Several states, including Arizona and Colorado, have liberty of conscience provisions, which offer another path for freedom of choice advocates. These provisions use the idea that terminating a pregnancy is, in certain circumstances, an exercise of faith. Though less developed to date, liberty of conscious provisions offer another way to re-characterize and defend a woman’s interests in equality and control over her own body.
Even in states where voters are generally opposed to reproductive freedom, winning a key office or two can make a huge difference. Two offices critical to the protection of rights in each state are the governor and attorney general. A governor can veto legislation that is hostile to abortion rights, while an attorney general can refuse to enforce a law that is believed to be unconstitutional. In 2018, Ohio Governor John Kasich, a moderate Republican, vetoed a bill that would have prohibited abortion as soon as a heartbeat could be detected. A year earlier, Pennsylvania Governor Tom Wolf vetoed a bill that would have outlawed abortion after 20 weeks and banned the most common procedure used during second-trimester abortions.
Last year, three Indiana prosecutors joined forces to announce that they would refuse to enforce a law that required doctors to report any “abortion complications” to the state health department, saying it would dissuade women from exercising their constitutional rights. While an intriguing exercise of prosecutorial discretion to safeguard the right to choose, their resistance remained limited because they couldn’t secure the support of the state’s attorney general, who could have done more to block an abortion regulation that goes too far if he had been sympathetic.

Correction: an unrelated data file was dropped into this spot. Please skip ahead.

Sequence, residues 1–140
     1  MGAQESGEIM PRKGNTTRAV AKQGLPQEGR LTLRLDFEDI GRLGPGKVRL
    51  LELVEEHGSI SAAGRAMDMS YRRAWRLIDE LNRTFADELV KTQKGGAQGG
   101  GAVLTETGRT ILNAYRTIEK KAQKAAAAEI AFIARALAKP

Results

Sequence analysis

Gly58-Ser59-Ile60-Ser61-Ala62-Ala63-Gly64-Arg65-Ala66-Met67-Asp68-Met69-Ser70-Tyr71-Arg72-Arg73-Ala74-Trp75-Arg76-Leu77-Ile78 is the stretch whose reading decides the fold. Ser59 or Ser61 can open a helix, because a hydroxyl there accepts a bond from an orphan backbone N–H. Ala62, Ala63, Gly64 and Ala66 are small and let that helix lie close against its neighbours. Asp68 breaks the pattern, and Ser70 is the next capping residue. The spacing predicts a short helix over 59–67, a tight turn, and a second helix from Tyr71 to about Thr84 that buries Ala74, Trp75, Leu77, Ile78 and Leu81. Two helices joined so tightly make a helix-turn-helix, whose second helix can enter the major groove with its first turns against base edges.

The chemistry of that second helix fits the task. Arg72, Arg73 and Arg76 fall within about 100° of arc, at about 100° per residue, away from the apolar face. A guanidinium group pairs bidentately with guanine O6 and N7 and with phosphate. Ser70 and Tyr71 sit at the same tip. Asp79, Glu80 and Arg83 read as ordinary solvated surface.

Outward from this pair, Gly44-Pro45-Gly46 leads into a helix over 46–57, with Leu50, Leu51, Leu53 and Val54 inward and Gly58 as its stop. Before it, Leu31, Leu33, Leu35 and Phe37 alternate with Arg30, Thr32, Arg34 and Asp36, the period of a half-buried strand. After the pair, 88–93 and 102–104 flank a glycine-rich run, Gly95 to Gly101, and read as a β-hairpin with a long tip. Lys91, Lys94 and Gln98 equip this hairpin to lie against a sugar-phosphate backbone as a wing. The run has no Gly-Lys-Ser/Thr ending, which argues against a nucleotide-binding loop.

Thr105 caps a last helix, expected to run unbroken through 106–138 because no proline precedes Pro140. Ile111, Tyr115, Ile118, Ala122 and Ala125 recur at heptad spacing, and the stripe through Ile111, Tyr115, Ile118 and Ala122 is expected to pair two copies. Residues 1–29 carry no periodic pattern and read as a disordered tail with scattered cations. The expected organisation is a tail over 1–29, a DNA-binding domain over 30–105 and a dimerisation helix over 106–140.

DESPITE THE MORAL complexity of the abortion issue, polls consistently show that reproductive freedom is valued by the majority of Americans. But even when a national politician is generally sympathetic to these rights, he or she usually avoids taking a clear stand on such a polarizing issue. It’s even harder to get a national figure to focus on the needs of poor people in difficult circumstances, or the plight of their caregivers. That’s why this issue will continue to play out at the state and municipal levels.
Fortunately, even as the nation’s highest court moves to restrict citizens’ freedoms, Americans have plenty of power to secure liberty and equal healthcare for everyone.
Robert L. Tsai is Professor of Law at American University. His new book, Practical Equality: Forging Justice in a Divided Nation (W.W. Norton 2019) is now in bookstores.